An unregistered broker agreed to pay $600,000 to settle charges that he sold third party investments without disclosing numerous red flags and negative facts to potential investors. According to the SEC, the respondent painted an overly rosy picture of the investments (ultimately Ponzi schemes) and the sponsor by highlighting consistent rates of return and a personal business relationship. However, the respondent did not disclose that the sponsor had previous issues with the SEC, multiple failed investments schemes, and financial problems. The SEC argues that once the respondent described the investments in a positive way, he “was under a duty to make materially fair and complete disclosure rather than presenting only a one-sided and unbalanced view of the investment.” The SEC charges the unregistered broker with violating the antifraud provisions of the Securities Act.
When selling investment products, you cannot merely disclose the good facts. In this case, the respondent may not (or may) have known the investments were Ponzi schemes, but he did have enough facts to suspect and should have warned potential investors.
The sponsor of a church fund agreed to pay over $2.25 Million in returned profits, disgorgement, interest and penalties for failing to properly disclose a reserve fund created to smooth returns. According to the SEC, the Board of the fund, which was launched in 1973, created the reserve fund in 1993 as a vehicle to retain excess profits and ensure liquidity so that the fund could distribute consistent returns between 5% and 6.7%. The SEC faults the fund sponsor for failing to fully disclose that it would charge fees on the reserve fund and that redeeming investors would not receive their pro rata amounts held in the reserve fund. OCIE identified the fiduciary violations during a 2014 exam, which followed the sponsor’s registration in 2012.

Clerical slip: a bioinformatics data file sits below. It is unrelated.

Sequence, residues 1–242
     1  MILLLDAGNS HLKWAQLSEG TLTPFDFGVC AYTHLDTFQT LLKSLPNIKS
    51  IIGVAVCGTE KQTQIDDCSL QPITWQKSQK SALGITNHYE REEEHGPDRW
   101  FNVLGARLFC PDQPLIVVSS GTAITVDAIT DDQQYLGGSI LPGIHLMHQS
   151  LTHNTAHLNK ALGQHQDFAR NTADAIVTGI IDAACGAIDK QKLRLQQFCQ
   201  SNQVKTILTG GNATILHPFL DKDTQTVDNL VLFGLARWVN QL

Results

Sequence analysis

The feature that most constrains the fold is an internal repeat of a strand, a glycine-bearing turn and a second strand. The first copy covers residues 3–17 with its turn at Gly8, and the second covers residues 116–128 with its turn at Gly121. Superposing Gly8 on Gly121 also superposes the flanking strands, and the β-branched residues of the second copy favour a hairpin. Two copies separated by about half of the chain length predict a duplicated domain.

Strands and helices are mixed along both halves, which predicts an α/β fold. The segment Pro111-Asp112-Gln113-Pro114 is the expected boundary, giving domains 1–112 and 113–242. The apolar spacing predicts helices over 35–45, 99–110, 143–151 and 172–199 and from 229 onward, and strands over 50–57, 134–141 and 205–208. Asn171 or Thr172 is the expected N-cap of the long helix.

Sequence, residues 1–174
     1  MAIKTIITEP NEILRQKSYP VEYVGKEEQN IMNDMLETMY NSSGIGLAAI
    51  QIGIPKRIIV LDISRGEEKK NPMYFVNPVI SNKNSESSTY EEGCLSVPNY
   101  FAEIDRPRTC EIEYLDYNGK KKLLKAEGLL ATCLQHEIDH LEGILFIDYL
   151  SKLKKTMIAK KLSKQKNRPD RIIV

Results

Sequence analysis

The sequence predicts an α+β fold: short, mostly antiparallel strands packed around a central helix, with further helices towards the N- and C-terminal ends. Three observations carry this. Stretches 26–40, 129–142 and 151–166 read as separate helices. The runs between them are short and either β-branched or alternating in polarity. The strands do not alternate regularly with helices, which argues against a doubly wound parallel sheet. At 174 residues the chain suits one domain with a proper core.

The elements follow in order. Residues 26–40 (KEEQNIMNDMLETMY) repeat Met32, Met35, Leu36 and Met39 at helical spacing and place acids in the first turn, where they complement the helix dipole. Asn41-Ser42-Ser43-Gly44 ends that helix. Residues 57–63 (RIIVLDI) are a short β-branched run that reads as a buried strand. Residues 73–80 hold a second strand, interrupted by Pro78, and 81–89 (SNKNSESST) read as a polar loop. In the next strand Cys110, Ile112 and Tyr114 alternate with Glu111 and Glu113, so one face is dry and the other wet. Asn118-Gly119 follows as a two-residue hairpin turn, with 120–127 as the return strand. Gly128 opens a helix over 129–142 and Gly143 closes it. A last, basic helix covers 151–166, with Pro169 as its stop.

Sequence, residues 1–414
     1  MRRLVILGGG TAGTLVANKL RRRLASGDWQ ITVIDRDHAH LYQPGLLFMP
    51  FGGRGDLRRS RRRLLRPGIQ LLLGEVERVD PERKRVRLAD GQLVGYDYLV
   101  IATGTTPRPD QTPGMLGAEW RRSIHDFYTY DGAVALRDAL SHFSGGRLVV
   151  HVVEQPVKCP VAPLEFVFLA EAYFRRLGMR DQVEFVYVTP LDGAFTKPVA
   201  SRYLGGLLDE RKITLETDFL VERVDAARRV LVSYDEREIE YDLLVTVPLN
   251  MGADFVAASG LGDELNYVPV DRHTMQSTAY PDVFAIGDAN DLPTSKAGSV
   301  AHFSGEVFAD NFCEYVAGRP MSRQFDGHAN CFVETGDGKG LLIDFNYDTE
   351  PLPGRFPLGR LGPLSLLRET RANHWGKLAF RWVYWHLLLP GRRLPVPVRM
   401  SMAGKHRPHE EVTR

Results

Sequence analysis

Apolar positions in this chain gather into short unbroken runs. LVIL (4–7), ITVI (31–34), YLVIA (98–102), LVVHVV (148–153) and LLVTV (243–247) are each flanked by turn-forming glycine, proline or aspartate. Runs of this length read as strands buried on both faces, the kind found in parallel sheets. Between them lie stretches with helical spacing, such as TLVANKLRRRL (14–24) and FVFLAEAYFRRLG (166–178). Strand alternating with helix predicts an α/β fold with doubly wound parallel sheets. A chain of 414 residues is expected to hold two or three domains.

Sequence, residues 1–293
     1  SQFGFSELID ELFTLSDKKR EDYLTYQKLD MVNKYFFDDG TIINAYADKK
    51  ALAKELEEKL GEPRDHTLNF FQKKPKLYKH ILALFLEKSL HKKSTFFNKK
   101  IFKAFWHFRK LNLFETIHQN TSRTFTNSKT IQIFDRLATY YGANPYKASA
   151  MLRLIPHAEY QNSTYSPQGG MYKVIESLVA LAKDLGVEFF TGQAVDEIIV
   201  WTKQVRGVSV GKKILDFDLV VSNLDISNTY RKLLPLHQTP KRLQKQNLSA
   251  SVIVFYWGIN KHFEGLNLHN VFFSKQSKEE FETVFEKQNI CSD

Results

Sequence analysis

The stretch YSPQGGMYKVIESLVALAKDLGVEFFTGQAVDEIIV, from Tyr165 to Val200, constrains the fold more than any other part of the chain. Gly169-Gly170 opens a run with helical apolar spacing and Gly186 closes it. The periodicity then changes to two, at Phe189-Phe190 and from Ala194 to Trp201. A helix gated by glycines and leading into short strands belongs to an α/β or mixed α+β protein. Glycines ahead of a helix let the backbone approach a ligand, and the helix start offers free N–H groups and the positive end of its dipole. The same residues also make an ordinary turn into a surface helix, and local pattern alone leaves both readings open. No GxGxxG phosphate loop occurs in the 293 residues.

OUR TAKE: The SEC appears to be most disturbed that the fund sponsor did not return client assets and double-dipped advisory fees by moving assets into the reserve fund. Private fund firms that registered after 2012 as a result of Dodd-Frank, should audit their operations to determine whether longstanding business practices run afoul of their fiduciary duties.
The SEC fined and censured a private equity fund manager for failing to disclose that the principals had personally invested in an IT firm that it had engaged. The respondent utilized the IT firm to perform due diligence before investing in portfolio companies. The SEC asserts that the firm failed to disclose that firm principals invested in the IT firm and occupied Board seats and that the IT firm’s CEO is the brother-in-law of one of the principals. Although the SEC acknowledges that neither the PE firm nor the principals profited and that the amount paid to the IT firm was not a material portion of its revenue, the SEC faults the firm for failing to disclose this conflict of interest in the PPMs, ADV, or to the LP Advisory Committee.
OUR TAKE: The SEC will bring an enforcement action even without any underlying client harm or benefit to the accused. Here, the mere failure to disclose a personal investment results in a public enforcement action.